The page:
The laws of supply and demand can make for some bare wine shelves.
It's the best of times for wine lovers, but it's not the best of times for many brand lovers.
A combination of several variables in the old supply-demand formula and upheaval in the local distributor ranks has created some often-gaping shelf holes at local stores.
It was enough to prompt Edina Liquors' Steve Grausam to write a July 24 post on the city's website, apologizing to customers "for not always having the product you like or want. ... In my 25 years at Edina Liquor I have never seen supply issues this bad."
Particularly problematic, retailers say, are popular bulk brands such as Mionetto Prosecco and FishEye and Jacob's Creek pinot grigio. "I've been out of Jacob's Creek since the beginning of July," Grausam said last week. "It gets real frustrating when you've built a brand like that."
The troubles, which Grausam predicts will continue, reach all the way up the supply chain. Two straight cold growing seasons in California reduced the grape crops significantly. The balky economy has prompted many large bottlers to scale back production. Rather than let pallets of wine stack up in their warehouses, wholesalers are filling orders on demand, and often find they can't get what they want from California.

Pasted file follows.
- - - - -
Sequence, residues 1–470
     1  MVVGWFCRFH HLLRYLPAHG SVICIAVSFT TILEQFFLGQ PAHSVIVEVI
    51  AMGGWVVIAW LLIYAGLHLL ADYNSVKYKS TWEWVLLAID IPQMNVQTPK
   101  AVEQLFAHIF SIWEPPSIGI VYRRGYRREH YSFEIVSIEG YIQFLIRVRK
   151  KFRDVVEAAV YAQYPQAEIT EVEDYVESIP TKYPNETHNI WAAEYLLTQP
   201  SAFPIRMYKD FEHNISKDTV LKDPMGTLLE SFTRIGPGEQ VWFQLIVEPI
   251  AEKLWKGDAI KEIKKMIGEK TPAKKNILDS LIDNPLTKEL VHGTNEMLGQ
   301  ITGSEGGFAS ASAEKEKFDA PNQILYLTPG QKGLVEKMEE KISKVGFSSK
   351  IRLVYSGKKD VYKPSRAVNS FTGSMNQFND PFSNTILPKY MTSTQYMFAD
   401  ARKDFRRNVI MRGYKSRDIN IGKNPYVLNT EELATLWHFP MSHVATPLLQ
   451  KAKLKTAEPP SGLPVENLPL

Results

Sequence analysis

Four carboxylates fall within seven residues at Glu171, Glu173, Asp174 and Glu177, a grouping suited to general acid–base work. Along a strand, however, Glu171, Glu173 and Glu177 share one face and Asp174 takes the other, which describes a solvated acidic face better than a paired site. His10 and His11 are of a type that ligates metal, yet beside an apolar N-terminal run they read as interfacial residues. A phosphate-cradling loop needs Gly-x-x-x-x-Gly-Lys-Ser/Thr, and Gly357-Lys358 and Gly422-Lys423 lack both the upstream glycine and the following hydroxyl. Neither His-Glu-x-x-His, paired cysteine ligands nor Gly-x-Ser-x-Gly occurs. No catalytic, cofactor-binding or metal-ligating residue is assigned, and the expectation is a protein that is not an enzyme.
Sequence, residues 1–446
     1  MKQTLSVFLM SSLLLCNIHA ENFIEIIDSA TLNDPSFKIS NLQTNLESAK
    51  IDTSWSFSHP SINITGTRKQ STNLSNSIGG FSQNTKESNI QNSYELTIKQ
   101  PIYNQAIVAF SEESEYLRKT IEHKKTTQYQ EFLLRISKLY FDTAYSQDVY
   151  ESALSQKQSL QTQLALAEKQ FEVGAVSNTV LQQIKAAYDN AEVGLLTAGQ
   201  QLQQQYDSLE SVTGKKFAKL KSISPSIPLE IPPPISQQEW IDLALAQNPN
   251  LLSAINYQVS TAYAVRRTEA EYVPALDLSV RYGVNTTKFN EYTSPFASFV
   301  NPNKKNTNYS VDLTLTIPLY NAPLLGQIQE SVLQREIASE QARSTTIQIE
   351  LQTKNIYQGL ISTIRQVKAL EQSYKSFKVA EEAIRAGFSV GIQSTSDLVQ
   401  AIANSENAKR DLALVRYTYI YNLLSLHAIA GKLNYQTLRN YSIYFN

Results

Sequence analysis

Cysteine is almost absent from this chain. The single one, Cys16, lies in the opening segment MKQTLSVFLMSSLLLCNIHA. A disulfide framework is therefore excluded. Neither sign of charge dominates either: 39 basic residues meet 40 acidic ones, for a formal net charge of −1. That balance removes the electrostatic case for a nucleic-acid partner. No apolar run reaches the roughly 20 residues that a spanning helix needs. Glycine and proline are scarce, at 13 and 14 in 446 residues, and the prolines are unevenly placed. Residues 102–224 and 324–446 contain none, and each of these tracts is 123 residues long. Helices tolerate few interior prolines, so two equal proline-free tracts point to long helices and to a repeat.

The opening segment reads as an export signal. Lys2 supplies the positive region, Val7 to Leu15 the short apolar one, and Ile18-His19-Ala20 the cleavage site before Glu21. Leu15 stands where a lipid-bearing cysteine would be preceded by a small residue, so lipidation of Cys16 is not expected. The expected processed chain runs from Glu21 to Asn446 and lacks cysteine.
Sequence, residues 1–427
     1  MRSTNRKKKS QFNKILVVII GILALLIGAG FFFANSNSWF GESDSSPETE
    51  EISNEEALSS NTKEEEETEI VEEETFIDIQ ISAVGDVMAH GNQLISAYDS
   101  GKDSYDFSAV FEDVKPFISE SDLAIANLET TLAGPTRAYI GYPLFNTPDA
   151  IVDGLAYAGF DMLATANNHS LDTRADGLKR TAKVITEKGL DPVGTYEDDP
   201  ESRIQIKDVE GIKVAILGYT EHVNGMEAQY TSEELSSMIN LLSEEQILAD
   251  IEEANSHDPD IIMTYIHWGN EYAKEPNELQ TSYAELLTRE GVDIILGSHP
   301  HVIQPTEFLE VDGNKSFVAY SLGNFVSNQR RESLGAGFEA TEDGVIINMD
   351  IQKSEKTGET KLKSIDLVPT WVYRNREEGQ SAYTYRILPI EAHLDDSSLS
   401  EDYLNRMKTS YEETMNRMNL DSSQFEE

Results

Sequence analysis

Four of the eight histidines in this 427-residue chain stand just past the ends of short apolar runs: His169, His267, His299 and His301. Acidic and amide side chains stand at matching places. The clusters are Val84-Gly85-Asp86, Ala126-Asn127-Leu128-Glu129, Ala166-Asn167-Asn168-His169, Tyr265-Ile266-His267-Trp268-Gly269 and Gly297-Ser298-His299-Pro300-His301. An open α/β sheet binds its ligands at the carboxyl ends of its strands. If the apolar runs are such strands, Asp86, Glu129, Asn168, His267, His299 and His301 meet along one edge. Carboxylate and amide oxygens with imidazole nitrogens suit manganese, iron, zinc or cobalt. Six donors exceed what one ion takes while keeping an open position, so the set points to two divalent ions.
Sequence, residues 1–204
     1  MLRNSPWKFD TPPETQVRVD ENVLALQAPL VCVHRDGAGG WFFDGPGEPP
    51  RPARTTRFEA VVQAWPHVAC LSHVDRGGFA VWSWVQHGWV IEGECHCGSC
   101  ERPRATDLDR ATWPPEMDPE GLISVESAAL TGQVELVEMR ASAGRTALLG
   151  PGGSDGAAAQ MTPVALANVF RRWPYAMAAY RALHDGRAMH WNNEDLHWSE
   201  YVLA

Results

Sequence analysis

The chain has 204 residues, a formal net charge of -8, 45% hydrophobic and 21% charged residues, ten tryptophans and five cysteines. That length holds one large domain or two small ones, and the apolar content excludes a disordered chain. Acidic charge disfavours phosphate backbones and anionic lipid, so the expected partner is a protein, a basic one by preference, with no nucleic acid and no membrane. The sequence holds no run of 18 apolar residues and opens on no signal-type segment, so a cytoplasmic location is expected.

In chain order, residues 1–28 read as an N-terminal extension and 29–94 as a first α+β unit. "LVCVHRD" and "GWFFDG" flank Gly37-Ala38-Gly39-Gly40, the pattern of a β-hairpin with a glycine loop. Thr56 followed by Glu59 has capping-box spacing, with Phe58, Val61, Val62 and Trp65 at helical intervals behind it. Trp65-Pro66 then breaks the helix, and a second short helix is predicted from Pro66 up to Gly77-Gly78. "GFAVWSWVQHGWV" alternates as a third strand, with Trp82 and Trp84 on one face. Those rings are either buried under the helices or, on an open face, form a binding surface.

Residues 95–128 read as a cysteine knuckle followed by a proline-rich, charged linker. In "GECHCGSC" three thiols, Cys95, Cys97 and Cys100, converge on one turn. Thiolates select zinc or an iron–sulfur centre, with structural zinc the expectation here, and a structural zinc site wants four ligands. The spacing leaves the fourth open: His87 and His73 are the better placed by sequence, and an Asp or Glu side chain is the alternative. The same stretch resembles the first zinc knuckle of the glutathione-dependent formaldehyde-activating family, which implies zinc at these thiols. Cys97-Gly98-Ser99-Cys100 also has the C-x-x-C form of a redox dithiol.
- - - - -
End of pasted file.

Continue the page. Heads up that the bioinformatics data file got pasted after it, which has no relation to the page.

The situation has been exacerbated locally by distributor churn. The nation's largest wholesaler, Southern Wine & Spirits, moved into the market in late 2010 and recently swallowed up another large operation, Quality. The big boys have been duking it out over brands, with many large ones (Yellow Tail, Chateau Ste. Michelle) changing hands in recent months.
Those transitions affect supplies of both people (scores of sales reps are out of work) and products. "Portfolios have been realigning," said Rick Anderson, wine buyer at France 44, "and whenever this happens, there are breaks in continuity."
Mike Dombrow, wine buyer for Sunfish Cellars, noted, "There are lots of things that I just let go of because I no longer know who to buy it from."
Consumers who develop fierce loyalty to certain brands are contributing to the shortages. One large wholesaler told me he has enough pinot grigio to fill Lake Calhoun, but not always the most-in-demand labels.
"I hear inexpensive Clever Name Field Blends are getting nailed," said Mitch Zavada, at South Lyndale Liquors. "Fewer grapes mean higher price means dead brand. There's lots of brand loyalty in these categories, so some customers have been irritated."
That makes this the classic obstacle-that-becomes-an-opportunity, a little thing called branching out or "try it, you'll almost certainly like it." Winemongers such as Zavada and Dombrow are pointing customers toward alternatives to their favorites (see Wine of the Week).
And even with a few bare spots on their shelves, these stores contain more viable options from around the world than ever before.
Bill Ward • email@example.com
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